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About More Voices

Every month More Voices invites readers to contribute short nonfiction prose pieces of 40 to 400 words on a healthcare theme.



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Dianne Silvestri ~

The corridors seethe with nocturnal predators,
their voices low.

My door latch coughs, a figure hisses,
I’ve come to draw blood,

wrenches my arm like a lamb shank,
rasps it with alcohol, plunges her spike,

pops one after another color-coded
rubber-stoppered vial into the sheath,

unplugs each loaded one to add
to the crimson log pile weighting my thigh,

steals more, it seems, than ample sample
of the provisional liquor of my life.

About the poet:

Dianne Silvestri worked as an academic dermatologist while raising her four children. Her medical practice was abruptly interrupted when she was diagnosed with acute myelogenous leukemia. "Chemotherapy and a stem-cell transplant have allowed me to engraft my poetry avocation as an encore career." Author of the chapbook Necessary Sentiments, she has had poems published in various journals, including The Healing Muse, American Journal of Nursing, The Worcester Review, Poetry South, The Main Street Rag, The Examined Life Journal and Families, Systems & Health.

About the poem:

"This poem grew out of the first forty-day hospital stay of my life-changing illness."

Poetry editors:

Johanna Shapiro and Judy Schaefer


# Marian Feinberg 2018-05-07 18:47
Thank you so much for this poem. While I have known wonderful phlebotomists, particularly the techs who worked in Monte Peds OPD who approached the kids with gentle humor, I have more recently had experience with an evil vampire during a rehab incarceration the last few months. Coming round at 4:30 AM,wrenching my arm and leaving me always with a hematoma, I felt such a kinship with Dianne, who is able to express the experience so vividly. Be well, my sister.
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# Ronna Edelstein 2018-03-31 16:55
Phlebotomists are my least favorite people because needles scare me a lot. However, I value the work they do. And I thank you for using such specific details to paint such a vivid picture of these essential medical professionals.
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# Debbie Hall 2018-03-31 15:24
I absolutely love every line of this piece, right from the beginning: "The corridors seethe with nocturnal predators."
Brilliant writing.
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# Betsy Willis 2018-03-31 12:46
Having descended into the healthcare system when the drawing of blood is a regular part of my life, I loved Dianne's vivid description of the process. She reminds me of the life that continues in those glass cylinders and leads my caregivers to possibilities for my future.
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# Helen Foster, MD 2018-03-31 11:06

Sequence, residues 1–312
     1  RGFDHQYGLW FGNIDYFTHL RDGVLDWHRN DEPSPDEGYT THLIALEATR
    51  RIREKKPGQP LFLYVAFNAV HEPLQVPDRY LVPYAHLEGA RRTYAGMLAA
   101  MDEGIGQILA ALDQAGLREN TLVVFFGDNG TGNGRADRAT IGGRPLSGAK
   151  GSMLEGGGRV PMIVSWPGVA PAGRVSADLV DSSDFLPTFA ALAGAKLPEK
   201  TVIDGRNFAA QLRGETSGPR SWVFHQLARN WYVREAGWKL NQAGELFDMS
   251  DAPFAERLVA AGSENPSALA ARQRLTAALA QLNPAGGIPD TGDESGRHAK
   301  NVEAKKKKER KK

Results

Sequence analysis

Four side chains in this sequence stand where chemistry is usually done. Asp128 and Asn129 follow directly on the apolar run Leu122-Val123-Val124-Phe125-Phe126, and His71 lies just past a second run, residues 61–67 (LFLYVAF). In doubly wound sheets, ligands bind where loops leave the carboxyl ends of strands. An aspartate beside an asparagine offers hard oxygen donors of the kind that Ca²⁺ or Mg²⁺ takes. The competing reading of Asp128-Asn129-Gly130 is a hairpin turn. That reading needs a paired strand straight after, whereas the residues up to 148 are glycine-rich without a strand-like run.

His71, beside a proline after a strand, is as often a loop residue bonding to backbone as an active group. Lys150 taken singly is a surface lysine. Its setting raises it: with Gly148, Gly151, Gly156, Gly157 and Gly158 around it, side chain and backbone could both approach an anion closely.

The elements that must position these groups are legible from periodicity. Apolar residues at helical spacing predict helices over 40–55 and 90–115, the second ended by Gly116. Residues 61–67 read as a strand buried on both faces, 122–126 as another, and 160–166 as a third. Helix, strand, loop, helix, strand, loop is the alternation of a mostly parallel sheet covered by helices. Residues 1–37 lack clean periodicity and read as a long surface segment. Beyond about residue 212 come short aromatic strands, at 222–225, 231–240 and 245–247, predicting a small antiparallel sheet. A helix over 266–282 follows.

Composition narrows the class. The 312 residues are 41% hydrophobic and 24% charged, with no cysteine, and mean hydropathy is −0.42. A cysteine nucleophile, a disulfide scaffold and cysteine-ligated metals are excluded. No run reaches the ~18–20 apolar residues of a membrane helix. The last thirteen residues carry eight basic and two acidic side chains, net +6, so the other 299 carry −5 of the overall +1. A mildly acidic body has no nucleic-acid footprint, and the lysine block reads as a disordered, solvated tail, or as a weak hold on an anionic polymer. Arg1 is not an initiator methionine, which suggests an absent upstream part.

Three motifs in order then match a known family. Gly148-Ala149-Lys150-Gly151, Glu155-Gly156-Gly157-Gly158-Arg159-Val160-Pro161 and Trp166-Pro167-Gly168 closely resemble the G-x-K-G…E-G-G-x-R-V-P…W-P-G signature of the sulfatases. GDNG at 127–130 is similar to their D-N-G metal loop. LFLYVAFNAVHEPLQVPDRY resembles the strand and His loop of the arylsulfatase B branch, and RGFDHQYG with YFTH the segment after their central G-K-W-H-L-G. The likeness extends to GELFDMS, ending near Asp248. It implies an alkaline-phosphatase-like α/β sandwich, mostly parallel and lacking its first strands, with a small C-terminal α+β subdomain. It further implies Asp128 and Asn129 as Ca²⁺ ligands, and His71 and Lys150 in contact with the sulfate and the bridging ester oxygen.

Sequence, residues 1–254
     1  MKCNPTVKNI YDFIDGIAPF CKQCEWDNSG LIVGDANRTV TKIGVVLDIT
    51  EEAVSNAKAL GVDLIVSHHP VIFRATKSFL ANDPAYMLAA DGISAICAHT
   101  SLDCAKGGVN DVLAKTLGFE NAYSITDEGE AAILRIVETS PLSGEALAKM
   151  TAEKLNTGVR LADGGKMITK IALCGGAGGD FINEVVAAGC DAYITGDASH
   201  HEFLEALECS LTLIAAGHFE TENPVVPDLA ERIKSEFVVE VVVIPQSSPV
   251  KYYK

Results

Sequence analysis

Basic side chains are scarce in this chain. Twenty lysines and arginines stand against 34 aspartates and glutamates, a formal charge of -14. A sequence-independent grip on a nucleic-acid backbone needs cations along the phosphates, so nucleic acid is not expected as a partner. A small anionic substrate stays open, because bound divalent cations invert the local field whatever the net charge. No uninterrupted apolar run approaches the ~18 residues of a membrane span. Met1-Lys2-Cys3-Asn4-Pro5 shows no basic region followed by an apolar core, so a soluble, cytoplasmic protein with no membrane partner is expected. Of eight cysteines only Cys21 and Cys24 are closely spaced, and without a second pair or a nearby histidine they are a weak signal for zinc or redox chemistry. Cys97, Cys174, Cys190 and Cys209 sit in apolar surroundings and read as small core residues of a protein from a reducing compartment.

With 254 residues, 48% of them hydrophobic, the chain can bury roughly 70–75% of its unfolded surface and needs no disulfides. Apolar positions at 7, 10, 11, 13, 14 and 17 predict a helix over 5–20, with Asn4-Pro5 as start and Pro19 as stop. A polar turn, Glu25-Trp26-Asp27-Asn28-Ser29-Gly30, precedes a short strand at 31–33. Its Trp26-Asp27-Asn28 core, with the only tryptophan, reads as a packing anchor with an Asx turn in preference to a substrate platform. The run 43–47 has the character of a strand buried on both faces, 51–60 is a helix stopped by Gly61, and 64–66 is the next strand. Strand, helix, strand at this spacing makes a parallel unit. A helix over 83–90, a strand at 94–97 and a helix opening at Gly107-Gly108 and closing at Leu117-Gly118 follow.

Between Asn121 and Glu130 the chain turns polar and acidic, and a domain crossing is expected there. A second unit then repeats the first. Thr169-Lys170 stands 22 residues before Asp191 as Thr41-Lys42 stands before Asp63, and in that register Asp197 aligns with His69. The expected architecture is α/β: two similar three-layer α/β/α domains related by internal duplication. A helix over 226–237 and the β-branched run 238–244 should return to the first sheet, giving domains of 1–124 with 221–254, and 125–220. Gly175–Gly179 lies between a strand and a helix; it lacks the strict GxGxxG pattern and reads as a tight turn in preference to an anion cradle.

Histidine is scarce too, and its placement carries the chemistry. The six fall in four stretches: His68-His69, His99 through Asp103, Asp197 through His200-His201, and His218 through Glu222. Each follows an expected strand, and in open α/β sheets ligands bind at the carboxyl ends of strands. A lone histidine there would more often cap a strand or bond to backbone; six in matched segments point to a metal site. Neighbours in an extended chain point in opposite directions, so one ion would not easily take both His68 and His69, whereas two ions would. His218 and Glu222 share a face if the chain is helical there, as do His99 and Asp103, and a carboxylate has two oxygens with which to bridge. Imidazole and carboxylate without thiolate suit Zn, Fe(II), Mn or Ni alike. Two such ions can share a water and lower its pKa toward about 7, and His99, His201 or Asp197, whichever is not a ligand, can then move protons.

Superb. Thank you. it brought back so much.
Helen Montague Foster
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# Pris Campbell 2018-03-31 06:23
Very good poem. Great images that drew me in with you!!

The haiku in today’s issue is also especially good.
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# Robin 2018-03-30 23:24
What a spectacular piece. I was riveted
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# Cordon Bittner 2018-03-30 22:21
Wonderful, raw images. If the phlebotomist “spiked” the vein on the first try, kudos to them.
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# Dr. Louis Verardo 2018-03-30 21:09
Your poem was so very well done; I found myself visualizing the events of your blood draw as if I were present in your hospital room. While I imagine your medical training provides the verisimilitude, your facility with language provides the spark which creates such stunning poetry. What a pleasure to end my medical day in the company of an insightful colleague; thank you.
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# janice mancuso 2018-03-30 20:51
"nocturnal predators" ... "hisses" ... "wrenches" ... "rasps" ... "plunges her spike" ...

I'll be curious to learn if other Pulse readers were as discomfited by this poem as I was, especially on this site.

I felt better after I read the "About Us" section and reflected: "Works published in Pulse—voices from the heart of medicine are selected by its editors in order to foster personal reflection and dialogue. Views and opinions expressed belong to the authors who wrote them. They do not necessarily reflect the views of the editors or Pulse's supporting or partnering organizations."

I concluded it's good to be reminded sometimes that even our 'safe places' are not always safe.

PS Dr. Silvestri, even if given ten years, I would be unable to paint such a vivid picture with only 73 words. ;-)
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